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On SMP machines is there a performance benefit to #2 vs #1:

1) x = 0;

or

2) if (x) x = 0;

I was thinking that the behind the scenes overhead to manage cache coherency between the CPUs might have some cost. Am I nuts?

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Cache coherency does have some costs, as does branch prediction (using another cache). You are trading one for the other - is that a win or a loss? Who knows. –  Bo Persson May 19 '12 at 9:44
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2 Answers

up vote 4 down vote accepted

Even with single-threaded code, the latter can have an advantage if the object lies in copy-on-write memory (for example, a private mapping of a file, or almost any writable memory after a fork). I suspect the advantage you're asking about is real too, at least on systems like x86 where memory consistency is handled automatically. On such machines, writing to memory that might be in another cpu's cache will invalidate the cached copy (actually the entire cache line). Just reading won't do any harm. Of course, if this is memory that's potentially being modified and shared by multiple threads, it needs to be protected by synchronization mechanisms anyway, and then you probably lose most or all of the advantage.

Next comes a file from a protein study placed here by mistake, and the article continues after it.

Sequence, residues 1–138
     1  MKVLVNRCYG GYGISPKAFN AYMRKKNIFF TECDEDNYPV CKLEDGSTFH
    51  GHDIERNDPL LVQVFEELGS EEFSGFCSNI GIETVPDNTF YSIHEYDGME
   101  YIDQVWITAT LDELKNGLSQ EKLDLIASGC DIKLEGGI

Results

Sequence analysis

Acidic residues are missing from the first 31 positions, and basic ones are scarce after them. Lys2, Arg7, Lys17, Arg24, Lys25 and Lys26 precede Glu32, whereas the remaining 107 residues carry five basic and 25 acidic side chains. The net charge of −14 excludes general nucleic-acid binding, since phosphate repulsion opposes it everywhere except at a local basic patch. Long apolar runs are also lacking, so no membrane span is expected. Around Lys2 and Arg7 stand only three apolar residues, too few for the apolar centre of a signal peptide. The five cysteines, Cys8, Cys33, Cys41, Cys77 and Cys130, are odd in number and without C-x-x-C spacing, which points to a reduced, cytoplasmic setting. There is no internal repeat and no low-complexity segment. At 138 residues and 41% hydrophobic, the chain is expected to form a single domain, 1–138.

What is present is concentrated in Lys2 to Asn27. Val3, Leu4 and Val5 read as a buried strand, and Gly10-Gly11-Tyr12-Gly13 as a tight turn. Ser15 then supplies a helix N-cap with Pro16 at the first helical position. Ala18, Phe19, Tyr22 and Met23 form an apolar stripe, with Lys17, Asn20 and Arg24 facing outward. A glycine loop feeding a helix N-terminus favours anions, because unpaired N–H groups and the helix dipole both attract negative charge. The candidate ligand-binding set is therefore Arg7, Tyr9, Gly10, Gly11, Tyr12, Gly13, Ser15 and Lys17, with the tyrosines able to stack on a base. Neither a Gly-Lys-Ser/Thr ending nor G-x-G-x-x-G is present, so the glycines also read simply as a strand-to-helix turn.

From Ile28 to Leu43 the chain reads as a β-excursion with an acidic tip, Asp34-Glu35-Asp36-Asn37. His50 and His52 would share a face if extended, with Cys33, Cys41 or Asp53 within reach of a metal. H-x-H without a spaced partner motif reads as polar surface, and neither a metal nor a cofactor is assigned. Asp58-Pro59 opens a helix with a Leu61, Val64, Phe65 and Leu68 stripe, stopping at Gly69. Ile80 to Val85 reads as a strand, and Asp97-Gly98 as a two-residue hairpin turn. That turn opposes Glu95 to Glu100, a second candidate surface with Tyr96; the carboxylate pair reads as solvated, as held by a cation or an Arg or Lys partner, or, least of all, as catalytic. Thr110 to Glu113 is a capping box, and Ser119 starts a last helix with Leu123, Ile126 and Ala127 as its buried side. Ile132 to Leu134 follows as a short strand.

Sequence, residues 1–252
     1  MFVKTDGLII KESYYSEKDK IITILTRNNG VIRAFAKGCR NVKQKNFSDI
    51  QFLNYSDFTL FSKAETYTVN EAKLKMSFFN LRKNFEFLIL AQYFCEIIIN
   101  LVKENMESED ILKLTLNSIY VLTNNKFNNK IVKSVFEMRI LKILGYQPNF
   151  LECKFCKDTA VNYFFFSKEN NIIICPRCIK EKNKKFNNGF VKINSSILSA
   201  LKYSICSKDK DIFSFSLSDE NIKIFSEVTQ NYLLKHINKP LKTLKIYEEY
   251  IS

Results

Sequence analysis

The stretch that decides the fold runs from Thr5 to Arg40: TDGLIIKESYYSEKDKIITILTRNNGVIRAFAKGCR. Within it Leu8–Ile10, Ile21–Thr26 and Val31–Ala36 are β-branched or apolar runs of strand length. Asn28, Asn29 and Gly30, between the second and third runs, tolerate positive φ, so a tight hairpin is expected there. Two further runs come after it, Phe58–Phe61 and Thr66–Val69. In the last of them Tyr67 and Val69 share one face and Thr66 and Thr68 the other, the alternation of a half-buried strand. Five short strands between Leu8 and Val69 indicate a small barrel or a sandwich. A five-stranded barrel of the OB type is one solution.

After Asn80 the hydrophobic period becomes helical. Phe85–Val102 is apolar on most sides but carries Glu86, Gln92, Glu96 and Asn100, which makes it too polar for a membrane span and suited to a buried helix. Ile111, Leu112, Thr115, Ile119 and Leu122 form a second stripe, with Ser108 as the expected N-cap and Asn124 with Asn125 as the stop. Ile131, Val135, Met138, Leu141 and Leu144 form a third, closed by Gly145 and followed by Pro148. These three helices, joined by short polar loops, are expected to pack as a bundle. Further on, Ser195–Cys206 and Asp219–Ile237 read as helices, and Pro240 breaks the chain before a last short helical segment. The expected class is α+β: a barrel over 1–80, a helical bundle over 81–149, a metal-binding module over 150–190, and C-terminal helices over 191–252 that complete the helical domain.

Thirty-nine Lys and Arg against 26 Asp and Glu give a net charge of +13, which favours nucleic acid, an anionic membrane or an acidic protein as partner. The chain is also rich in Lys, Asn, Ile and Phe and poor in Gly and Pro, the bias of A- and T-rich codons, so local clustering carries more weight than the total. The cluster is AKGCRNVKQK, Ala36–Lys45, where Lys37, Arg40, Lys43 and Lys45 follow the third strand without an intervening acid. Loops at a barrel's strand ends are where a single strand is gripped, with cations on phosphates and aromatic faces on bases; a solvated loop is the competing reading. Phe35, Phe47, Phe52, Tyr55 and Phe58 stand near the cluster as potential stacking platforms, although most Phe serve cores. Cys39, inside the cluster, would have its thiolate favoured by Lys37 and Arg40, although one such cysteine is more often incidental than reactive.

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It has to manage the cache coherency even if you are reading, so I don't think it's going to buy you anything. And it also is going to largely depend on what the compiler does. If you really care, I would benchmark it on the system you are using.

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